Most obvious to the novel were the waxworks shows that were sometimes in permanent locations, or, in the case of Madame Tussaud, traveling exhibits. Waxworks exhibits were popular with aristocrats and commoners alike, and shrewd entrepreneurs like Tussaud would set up separate opening times – and admission fees – to service both classes of society.
I also learned about Phantasmagorias, which were wonderful projections of light and shadows using something called a “magic lantern” in order to resemble spirits, ghosts, and other figures. The Phantasmagoria show was the pre-cursor to today’s modern moving pictures.
Another fascinating entertainment that surfaced in my research was the geggy performance. These were traveling theater performances under big tents. Sort of like Shakespeare in the Park meets the Ringling Brothers Circus. They were very popular in Scotland.
A ROYAL LIKENESS is more or less a sequel to THE QUEEN’S DOLLMAKER, but was there anything else that sparked this book? Was it a character? An historical event? A scene you just couldn’t get out of your head?
When my editor said she wanted a sequel to THE QUEEN’S DOLLMAKER, I knew Marguerite’s story was the one that needed to be told. I also knew there were some delicious characters, including famed waxworker Madame Tussaud and everyone’s favorite loathsome aristocrat, Nathaniel Ashby, who deserved more stage space than they received in THE QUEEN’S DOLLMAKER.
Many readers are interested in the writer’s process. Each of us has her own roadmap and toolkit that leads us to the finished manuscript. I happen to know that you are the Queen of the Spreadsheet. Can you explain how you use the technique to outline your novel?
This is a crown I proudly wear. :) I tend to plot my books out in heavy detail prior to sitting down and writing the first chapter. Once I know exactly what the story will look like I open my infamous writing spreadsheet. I calculate roughly how many words I think the manuscript will be (about 3,000 words for every page of synopsis). Then I figure out how long it will take to write my book if I write 5,000 words per week consistently. For each day of writing, I drop in the number of words written, and the spreadsheet tracks what I’ve written by day and by week, and how many words I have left to complete the manuscript. It also gives me good stats on what my best writing day tends to be (Sunday), and what my worst day is (Wednesday). It gives me a great sense of satisfaction to see my total number of words going up as I march towards my goal. It also keeps me from falling too far behind.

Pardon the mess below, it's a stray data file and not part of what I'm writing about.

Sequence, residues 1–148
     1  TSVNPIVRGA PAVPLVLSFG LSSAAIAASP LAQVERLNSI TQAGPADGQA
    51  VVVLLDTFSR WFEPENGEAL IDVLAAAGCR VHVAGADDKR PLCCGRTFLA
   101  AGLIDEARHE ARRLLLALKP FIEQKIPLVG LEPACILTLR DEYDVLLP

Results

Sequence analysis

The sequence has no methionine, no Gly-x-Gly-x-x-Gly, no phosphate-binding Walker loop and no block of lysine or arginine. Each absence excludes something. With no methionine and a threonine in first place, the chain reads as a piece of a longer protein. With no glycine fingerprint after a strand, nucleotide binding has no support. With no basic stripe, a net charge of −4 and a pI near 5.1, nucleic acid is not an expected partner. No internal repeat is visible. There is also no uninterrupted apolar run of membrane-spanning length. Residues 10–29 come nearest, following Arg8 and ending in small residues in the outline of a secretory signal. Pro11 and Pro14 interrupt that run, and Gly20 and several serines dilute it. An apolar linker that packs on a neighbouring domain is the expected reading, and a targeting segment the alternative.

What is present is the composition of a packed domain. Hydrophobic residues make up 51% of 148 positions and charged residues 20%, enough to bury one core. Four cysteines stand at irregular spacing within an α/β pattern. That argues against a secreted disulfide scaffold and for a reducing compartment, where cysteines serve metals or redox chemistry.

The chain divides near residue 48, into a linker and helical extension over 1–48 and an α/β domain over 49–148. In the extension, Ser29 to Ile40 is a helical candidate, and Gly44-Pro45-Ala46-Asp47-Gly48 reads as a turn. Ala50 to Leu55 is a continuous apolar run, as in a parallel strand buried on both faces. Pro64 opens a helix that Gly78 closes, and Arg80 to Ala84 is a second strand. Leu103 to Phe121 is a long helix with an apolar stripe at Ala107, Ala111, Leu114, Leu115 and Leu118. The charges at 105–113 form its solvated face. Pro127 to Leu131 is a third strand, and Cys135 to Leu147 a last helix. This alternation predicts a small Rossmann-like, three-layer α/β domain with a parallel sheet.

I know there are writers out there grinding their teeth to read about my obsessive-compulsive process. I know how to take all the fun out of things!
What are you currently reading? On balance, how much would you say you read for pleasure and how much for research—or is there a constant overlap? Do you (like I) actually find research pleasurable, depending on the subject?
Actually, I keep my research books completely separated from my pleasure reading books. Pleasure reading books stay upstairs, all research remains downstairs. As my deadlines begin to run closer and closer together, I find that I have less time for pleasure reading. After a day of staring at the computer screen and poring through maps, papers, and research books, it’s hard to have the energy to pleasure read.
That said, I’m just now starting Ken Follett’s latest, FALL OF GIANTS. I’ve also kept up with the latest from Alison Weir (CAPTIVE QUEEN) and Philippa Gregory (THE WHITE QUEEN, THE RED QUEEN), and I continue to order books that pile up on my nightstand!
What are you working on now and what can we expect to see from you next?
I’ve just wrapped up my next novel, tentatively titled THE PRINCE’S PAVILION, about a cloth merchant named Annabelle Stirling. Thanks to her patron and great architect, John Nash, Belle Stirling is a rising star in the homes of London’s fashionable elite. Even the Prince Regent wants her elegant, high quality fabrics used in the decoration of his new palace, Brighton Pavilion. But when those closest to her conspire against Parliament, she risks losing her reputation, her business. . .and even her life.
This story will be a look at the Regency England you’ve never known: the exploding cloth manufacturing industry, the deadly Luddite riots, and the radical Cato Street Conspiracy all play parts in the novel.
Next up, I’m working on a novel that will take place in Victorian England. You can expect a heroine with an unusual profession….and an unusual hobby. Stay tuned!
Please visit http://www.christinetrent.com/ for more information about Christine’s books.